Eight blows: Eccentric aristocrat helped the peasant farmers 

Estate owner Carl Frederik Blixen Finecke was full of unexpected ideas, and friends with the leading figures in Europe. And he was good to his peasant farmers as well. 

In 1829, at the tender age of seven, Carl Frederik Blixen Finecke lost both of his parents, his grandfather and his uncle. As a result, the young boy inherited two estates in German Pomerania, a large manor in Sweden and Dallund Castle on Fyn. His guardians administered his estates competently, but subjected him to a strict upbringing. When the young baron came of age, he finally became master of his own possessions – and behaviour. 

He threw himself into his life as an adult with abandon and continued in the same vein for the rest of his life. 

1. For the sheer fun of it, the young baron smashed a costly vase, simply to replace it at great expense. He also commissioned a well-known female singer to put on a private show for him in Berlin. And on his honeymoon, he scattered money to all sides. 

2. In 1848, on the outbreak of the Three-Year War, the 25-year-old estate owner immediately enlisted as a platoon commander and played an active role in the hostilities. 

3. Blixen Finecke later divorced from his first wife, only to marry again in 1854, wedding Princess Augusta of Hessen-Kassel. This made the baron the brother-in-law of the future royal couple from the Glücksborg dynasty: King Christian IX and Queen Louise. 

4. In the same way as many other nobles, he refused to visit Countess Danner, the wife of King Frederik VII. In return, the king, who had previously spent many an enjoyable summer day at Dallund, declined Blixen Finecke audience. The old friends later made up, however.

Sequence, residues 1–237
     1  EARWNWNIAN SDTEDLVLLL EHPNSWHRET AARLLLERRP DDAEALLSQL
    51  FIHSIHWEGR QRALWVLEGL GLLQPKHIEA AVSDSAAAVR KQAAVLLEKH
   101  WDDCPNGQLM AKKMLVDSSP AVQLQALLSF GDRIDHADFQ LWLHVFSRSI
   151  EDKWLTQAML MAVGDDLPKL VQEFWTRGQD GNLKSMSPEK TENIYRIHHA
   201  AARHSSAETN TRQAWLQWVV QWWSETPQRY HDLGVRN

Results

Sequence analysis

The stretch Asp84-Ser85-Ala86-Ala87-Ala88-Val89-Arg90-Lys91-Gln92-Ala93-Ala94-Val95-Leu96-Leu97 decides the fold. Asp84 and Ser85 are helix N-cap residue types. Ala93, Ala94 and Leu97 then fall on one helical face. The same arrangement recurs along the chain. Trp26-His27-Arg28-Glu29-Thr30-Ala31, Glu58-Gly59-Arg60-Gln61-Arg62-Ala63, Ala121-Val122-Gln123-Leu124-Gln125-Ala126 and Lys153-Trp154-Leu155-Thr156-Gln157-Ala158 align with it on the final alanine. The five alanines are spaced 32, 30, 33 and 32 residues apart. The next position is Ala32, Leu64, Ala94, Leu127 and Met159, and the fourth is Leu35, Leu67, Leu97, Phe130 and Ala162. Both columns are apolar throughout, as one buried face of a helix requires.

5. During his time studying in Germany, the baron had become close friends with Count Otto von Bismarck – the very man who was to lead Prussia to war against Denmark in 1864. Before the war, Baron Blixen Finecke exchanged letters with von Bismarck in an unsuccessful – and rather naïve – attempt to resolve the problem of the disputed duchies. 

6. He was elected to the Danish Parliament several times, and was named Foreign Minister and Minister for Schleswig. He was even elected to the Swedish Parliament as well. 

7. When, in 1865, the Prime Minister was to form a new government, it was to Blixen Finecke that he turned. However, the baron made his acceptance of a ministerial position conditional upon the University of Copenhagen being relocated to the city of Kolding – to favour the Region of Southern Jutland. 

8. The local farmers raised a monument to him because he sold them their farms on extremely reasonable terms. The memorial stone is inscribed with the words: “To his word was he true”. 

The manor tales are written by Linda Corfitz